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Fog Type Climatology for South Central Texas

Updated: Aug 31, 2021

Slide 2:

The observation for the “Fog Type Climatology for South Central Texas” focusing on San Antonio. Fog is defined when the temperature and dew point are at the same value through cooling of the air or by adding enough moisture to raise the dew point. Your Dew point is the temperature in which a parcel must be cooled to become saturated.

In the San Antonio Area there were seven main fogs observed.

Slide 3:

Advection Fog – Which is defined as moist air moving over a Colder surface and thus bringing the near- surface air to below its dew point temperature. This can include Warm and Cold Advection Where when Cold air is coming from the North over a moist location or Warm Moist air moving in from the South; for example, the Gulf.

Radiation Fog- Which happens after a warm day, clear night and moisture is present; winds must also be under 5mph.

Frontal Fog- Occurs mainly when warm and cold air masses are mixed, are near saturation and have light winds. This fog type also includes Pre and Post fog which occurs Before and After a frontal system due to rain falling into cold stable air this raising your dew point.

Tropical Disturbance- Which is rare and was only recorded five times over the ten-year time span due to Storms occurring off the coast changing the environment and enhancing conditions to produce fog.

Slide 4:

Visibility varies with each fog type, but the more moisture at the surface the greater the density. Once you remove the Moisture source and or heat from the air the Stratus and Fog clouds will begin to dissipate and visibility will begin to increase.

Slide 5:

Here we have Fog with Snow on Dec 7th 2017 due to a Frontal System and a Dense Fog due to a Radiational Fog on Feb 3rd 2019 which was not a part of the results but was a picture I captured personally here in San Antonio.

Slide 6:

During the time of analysis, the main data acquisition used were with the NCEI (National Center for Environmental Information), the WPC Surface Analysis from NOAA (National Oceanic and Atmospheric Administration) for the whole United States and the Observation Weather Maps from NOAA for the same time period. Together the Fog dates, times and types were recorded from 2008-2018 for San Antonio TX.

Slide 7:

After all the Data was acquired charts were made to show the overall occurrences of Fog in San Antonio, Tx for the seven types of Fog.

· Radiation

· Advection – Warm and Cold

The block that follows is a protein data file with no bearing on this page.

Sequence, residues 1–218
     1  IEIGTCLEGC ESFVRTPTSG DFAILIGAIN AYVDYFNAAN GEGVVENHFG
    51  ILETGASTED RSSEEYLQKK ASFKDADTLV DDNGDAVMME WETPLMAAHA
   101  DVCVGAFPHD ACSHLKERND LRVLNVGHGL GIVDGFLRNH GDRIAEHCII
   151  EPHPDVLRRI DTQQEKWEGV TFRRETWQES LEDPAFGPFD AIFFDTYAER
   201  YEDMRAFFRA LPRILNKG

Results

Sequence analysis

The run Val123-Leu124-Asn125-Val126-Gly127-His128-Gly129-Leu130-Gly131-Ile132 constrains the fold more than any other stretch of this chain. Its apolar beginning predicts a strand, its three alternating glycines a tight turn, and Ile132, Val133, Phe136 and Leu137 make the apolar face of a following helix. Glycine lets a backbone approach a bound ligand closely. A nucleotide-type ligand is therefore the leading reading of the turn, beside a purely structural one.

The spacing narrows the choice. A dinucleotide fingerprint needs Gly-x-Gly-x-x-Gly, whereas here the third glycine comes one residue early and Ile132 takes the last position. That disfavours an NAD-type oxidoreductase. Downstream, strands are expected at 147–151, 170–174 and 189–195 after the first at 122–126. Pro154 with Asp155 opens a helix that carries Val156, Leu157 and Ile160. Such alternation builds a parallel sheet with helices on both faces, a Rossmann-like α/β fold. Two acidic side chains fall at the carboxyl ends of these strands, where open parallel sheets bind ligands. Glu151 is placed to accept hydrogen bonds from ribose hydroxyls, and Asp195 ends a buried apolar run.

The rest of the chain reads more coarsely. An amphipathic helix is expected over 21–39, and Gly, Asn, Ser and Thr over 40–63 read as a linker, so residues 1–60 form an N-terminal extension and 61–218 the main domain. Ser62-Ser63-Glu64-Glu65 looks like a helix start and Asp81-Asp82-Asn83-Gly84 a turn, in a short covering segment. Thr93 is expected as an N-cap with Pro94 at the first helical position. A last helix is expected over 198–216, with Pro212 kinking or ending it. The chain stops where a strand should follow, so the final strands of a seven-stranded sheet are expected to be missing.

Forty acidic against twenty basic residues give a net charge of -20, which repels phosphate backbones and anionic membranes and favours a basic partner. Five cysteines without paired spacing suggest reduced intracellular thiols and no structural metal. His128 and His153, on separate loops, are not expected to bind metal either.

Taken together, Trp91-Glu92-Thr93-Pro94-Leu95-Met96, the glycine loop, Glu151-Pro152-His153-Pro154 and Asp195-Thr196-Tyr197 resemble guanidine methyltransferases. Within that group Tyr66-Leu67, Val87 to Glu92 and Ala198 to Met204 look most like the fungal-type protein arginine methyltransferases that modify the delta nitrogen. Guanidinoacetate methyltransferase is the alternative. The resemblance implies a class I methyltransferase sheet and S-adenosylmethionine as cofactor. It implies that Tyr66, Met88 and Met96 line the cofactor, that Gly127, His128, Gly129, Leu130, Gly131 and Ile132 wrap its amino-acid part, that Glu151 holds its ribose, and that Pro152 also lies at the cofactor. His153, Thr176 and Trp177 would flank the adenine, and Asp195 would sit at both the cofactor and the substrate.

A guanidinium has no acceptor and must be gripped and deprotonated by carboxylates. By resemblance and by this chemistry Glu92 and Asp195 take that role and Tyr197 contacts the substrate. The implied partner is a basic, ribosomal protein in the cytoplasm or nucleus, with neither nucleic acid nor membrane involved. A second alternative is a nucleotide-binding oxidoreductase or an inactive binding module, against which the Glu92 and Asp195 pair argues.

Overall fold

· Frontal -Pre and Post

· Tropical Disturbances

Frontal and Advection were the overall Highest with Frontal having occurred over 259x over the 10 years and Advection occurring 195x.

Slide 8:

Looking at the Annual Frequency over a 12-month timespan for San Antonio, one can see the peak fog occurs were in March with a dips in June. Out of the possible 3,650 potential fog occurrences in San Antonio, it was proven that there was 882.

I believe that after completing the Fog Climatology for San Antonio, those who work for local Emergency Management could benefit from this research to help reduce the risk of fog like accidents which occurred 2,430x in Texas alone in 2016 resulting in 45 casualties according to the Texas Department of Transportation and thus provide better Forecasts of Fog occurrence. NOAA may also be a contributor for the information to have all the documentation as a one stop source for the localized area to have for research purposes.

From here I would like to continue my findings to see how El Niño and La Niña could possibly affect the types and trends of the seven different fog types that occur in the San Antonio area during the 10-year time span.


•Blevins, B. (N.D.). Central texas fog [photograph found in central texas]. Retrieved march 29, 2019, from http://blevinsphotography.Blogspot.Com/2011/10/ (originally photographed 2011, october 29)

•B. (N.D.). Ice fog in minnesota [photograph found in minnesota]. Retrieved march 29, 2019, from http://www.Minnpics.Com/2013/03/ice-fog-in-minnesota.Html (originally photographed 2013, march 25)

•Center, S. P. (2001, january 01). Noaas NWS storm prediction center forecast tools. Retrieved march 18, 2019, from https://www.Spc.Noaa.Gov/obswx/maps/

•Dense fog [personal photograph taken in JBSA LACKLAND]. (2019, february 3).

•Noaa. (2013, November 16). WPC Surface Analysis Archive. Retrieved March 30, 2019, from

•Snow fog [personal photograph taken in JBSA LACKLAND]. (2017, december 7).

•Steam fog [personal photograph taken in jbsalackland]. (2018, november 16).

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